You may ask why I am so uncompromising with this. Well, some of it is about the way Substack operates. Substack’s response is all well and good taken in the first degree, but when you look deeper, you’ll notice they do moderate. For example, pornography is not allowed on the platform, and they do a pretty good job moderating that. They also state clearly in their terms that hate speech and calls for violence are not tolerated. Perhaps I’m a fucking idiot, but the last time I looked, white supremacy ideologies were hate speech. I could go on, but frankly, I’m pretty wound up about this and particularly disappointed with what was once a great platform to help (very) small-time writers like me get out there. I’m going to suck it up and shift to a different platform, of which I haven’t decided yet. I’m torn between micro.blog or WordPress. Both have upfront costs associated (unless I accept ads on WordPress). It’s not a lot, and I’ll probably put it down as a work expense, as this venture was always related to my business and is probably partly responsible for my getting several consultancy opportunities.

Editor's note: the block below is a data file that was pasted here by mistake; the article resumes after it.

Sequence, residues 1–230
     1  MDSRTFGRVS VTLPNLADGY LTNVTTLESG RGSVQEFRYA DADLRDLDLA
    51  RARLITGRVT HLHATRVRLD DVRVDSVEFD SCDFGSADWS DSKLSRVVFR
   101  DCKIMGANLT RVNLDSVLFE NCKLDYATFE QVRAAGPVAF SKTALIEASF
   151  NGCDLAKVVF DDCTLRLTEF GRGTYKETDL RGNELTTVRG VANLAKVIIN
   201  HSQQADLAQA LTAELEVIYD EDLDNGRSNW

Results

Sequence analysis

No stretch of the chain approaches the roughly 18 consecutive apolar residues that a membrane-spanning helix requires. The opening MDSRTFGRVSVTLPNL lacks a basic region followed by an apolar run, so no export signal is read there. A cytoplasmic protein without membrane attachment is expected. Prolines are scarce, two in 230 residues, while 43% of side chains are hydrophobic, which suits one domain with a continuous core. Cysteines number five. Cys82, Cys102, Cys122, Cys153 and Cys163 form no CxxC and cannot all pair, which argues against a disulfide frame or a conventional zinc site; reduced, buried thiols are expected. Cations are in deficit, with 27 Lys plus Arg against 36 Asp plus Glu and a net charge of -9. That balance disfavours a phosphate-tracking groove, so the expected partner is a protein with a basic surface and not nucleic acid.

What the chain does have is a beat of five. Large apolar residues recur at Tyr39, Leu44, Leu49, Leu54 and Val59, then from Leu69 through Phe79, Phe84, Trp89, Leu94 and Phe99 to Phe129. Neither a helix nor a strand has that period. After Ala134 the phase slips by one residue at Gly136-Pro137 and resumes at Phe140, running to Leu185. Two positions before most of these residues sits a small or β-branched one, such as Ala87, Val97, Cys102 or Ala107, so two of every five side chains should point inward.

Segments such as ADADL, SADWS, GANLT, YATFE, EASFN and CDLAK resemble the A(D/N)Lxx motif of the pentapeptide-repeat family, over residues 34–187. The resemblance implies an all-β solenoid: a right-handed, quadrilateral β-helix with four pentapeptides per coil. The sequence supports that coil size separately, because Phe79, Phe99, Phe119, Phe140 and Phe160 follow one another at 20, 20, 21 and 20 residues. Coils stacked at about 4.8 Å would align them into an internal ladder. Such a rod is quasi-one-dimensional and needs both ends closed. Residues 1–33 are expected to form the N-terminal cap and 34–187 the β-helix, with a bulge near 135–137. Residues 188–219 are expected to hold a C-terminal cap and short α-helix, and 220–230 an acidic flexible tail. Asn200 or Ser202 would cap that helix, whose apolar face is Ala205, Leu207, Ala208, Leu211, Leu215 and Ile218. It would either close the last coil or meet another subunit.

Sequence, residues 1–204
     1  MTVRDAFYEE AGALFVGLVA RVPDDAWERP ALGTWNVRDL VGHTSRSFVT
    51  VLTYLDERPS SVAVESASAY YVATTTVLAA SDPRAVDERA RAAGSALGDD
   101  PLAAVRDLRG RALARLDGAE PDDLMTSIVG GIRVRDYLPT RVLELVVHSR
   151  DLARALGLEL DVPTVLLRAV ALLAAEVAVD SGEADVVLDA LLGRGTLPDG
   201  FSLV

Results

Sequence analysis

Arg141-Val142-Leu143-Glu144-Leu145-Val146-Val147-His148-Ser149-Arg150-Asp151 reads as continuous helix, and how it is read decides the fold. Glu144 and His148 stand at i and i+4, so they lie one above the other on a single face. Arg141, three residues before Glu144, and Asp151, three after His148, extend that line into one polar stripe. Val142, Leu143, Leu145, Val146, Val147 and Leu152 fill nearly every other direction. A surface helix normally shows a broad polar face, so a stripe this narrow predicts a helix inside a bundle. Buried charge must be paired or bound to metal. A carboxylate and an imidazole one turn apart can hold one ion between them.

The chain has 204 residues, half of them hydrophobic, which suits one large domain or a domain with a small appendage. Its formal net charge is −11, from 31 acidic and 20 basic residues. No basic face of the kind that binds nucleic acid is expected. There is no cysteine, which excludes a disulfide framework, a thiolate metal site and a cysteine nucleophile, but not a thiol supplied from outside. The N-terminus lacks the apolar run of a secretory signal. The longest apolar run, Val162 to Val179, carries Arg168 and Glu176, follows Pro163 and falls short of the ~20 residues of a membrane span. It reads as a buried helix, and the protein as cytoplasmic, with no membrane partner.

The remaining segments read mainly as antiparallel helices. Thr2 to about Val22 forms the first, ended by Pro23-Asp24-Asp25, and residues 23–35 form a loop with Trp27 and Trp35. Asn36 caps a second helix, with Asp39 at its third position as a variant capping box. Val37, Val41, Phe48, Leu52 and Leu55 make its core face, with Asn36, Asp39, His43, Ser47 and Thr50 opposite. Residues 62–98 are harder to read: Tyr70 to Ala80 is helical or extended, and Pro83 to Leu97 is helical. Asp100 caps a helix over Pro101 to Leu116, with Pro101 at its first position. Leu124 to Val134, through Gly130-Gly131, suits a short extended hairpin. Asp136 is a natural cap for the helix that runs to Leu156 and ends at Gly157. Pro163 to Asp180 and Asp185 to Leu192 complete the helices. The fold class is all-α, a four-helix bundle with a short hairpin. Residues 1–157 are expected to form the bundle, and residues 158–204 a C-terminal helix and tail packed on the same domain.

Substack is treating us like morons and trying to avoid telling the truth about the reason why they’re taking certain decisions. Fine, go ahead and take money from Nazis and white supremacists. Just don’t expect me and a lot of other people to participate, and do expect a lot of us to find ways to stop the cancer from spreading.

2. Picking up from where I left off